Reclaiming Revolution: A study of the history and lessons of STORM (Standing Together to Organize a Revolutionary Movement), a multi-racial, internationalist, left cadre organization based in the Bay Area from 1994-2001.

Empire and Multitude: A discussion with Michael Hardt, co-author with Antonio Negri of the influential book Empire and its recently released sequel Multitude.

Resistance in Brooklyn: A discussion with Matt Meyer, one of the founding members of Resistance in Brooklyn, a long-standing white revolutionary anti-imperialist group.

Beyond the RNC: Building a Multi-Racial Movement Against Imperialism: A panel discussion in New York City leading up to the Republican National Convention, featuring immigrant tenant organizer Maria Poblet and Catalyst member Chris Crass along with Heidi Reijm of the Ruby Affinity Group, Vanessa Moses and Greg Hom of the anti-imperialist delegation Siafu Kirpanski and Marc Kirpanski of Immigrant Justice Solidarity Project.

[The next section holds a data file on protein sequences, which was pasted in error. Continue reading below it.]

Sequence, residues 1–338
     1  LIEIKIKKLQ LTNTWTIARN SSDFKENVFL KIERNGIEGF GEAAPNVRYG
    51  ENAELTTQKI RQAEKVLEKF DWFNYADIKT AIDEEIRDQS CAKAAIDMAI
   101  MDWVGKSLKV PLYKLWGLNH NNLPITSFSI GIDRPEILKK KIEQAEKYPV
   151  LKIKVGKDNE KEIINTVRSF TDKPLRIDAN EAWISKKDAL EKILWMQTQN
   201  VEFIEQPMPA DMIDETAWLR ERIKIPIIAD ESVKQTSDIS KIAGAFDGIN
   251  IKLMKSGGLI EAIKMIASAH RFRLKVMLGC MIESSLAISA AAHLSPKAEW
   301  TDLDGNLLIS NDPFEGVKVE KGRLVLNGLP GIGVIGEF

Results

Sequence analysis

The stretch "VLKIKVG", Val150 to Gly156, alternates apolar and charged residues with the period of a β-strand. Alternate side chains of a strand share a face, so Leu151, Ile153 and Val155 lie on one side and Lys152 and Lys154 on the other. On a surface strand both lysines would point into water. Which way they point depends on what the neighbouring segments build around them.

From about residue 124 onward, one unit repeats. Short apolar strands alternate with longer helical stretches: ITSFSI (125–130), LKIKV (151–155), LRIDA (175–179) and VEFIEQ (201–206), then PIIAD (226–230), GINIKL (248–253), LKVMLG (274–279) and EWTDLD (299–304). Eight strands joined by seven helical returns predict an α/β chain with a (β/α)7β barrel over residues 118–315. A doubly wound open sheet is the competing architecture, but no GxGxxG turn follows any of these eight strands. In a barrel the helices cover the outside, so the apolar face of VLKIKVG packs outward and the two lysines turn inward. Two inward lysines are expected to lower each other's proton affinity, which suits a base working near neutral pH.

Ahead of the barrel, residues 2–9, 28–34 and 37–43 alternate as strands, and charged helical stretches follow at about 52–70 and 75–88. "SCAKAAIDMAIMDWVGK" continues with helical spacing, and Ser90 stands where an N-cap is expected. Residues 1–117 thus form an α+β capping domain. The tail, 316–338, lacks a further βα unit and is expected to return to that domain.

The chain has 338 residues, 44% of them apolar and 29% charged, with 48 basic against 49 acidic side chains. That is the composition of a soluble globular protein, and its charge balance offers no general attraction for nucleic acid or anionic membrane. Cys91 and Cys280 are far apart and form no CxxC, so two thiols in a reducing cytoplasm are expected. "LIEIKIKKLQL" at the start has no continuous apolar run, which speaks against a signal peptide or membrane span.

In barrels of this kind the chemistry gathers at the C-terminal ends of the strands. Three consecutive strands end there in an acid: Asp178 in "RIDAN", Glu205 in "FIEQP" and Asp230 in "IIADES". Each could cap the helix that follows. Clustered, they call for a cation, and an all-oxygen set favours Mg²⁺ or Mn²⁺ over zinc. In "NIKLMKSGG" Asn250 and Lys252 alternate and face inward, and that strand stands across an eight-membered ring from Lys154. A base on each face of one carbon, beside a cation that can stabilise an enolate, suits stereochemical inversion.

Lessons in Revolutionary Anarchism: From Network, to Federation, to Cadre Organization A presentation and discussion session with author and organizer Joel Olson on the history of the Love and Rage Revolutionary Anarchist Federation, and Bring the Ruckus.

Towards Land, Work, and Power: A study with organizers from POWER People Organized to Win Employment Rights on their new book, Towards Land, Work, & Power, looking at the political economy of the Bay Area and building an anti-imperialist movement based in working class communities of color. Presenters included Jason Negron-Gonzales, Marisa Franco, and Jaron Browne.

Revolutionary Healing: A workshop with Mordecai Cohen Ettinger introduce the tools of somatics, mind-body medicine, the impacts of trauma, history of U.S. medical establishment and how this knowledge can help us reflect on and strategize about how an ecological and socially just future is possible in the present.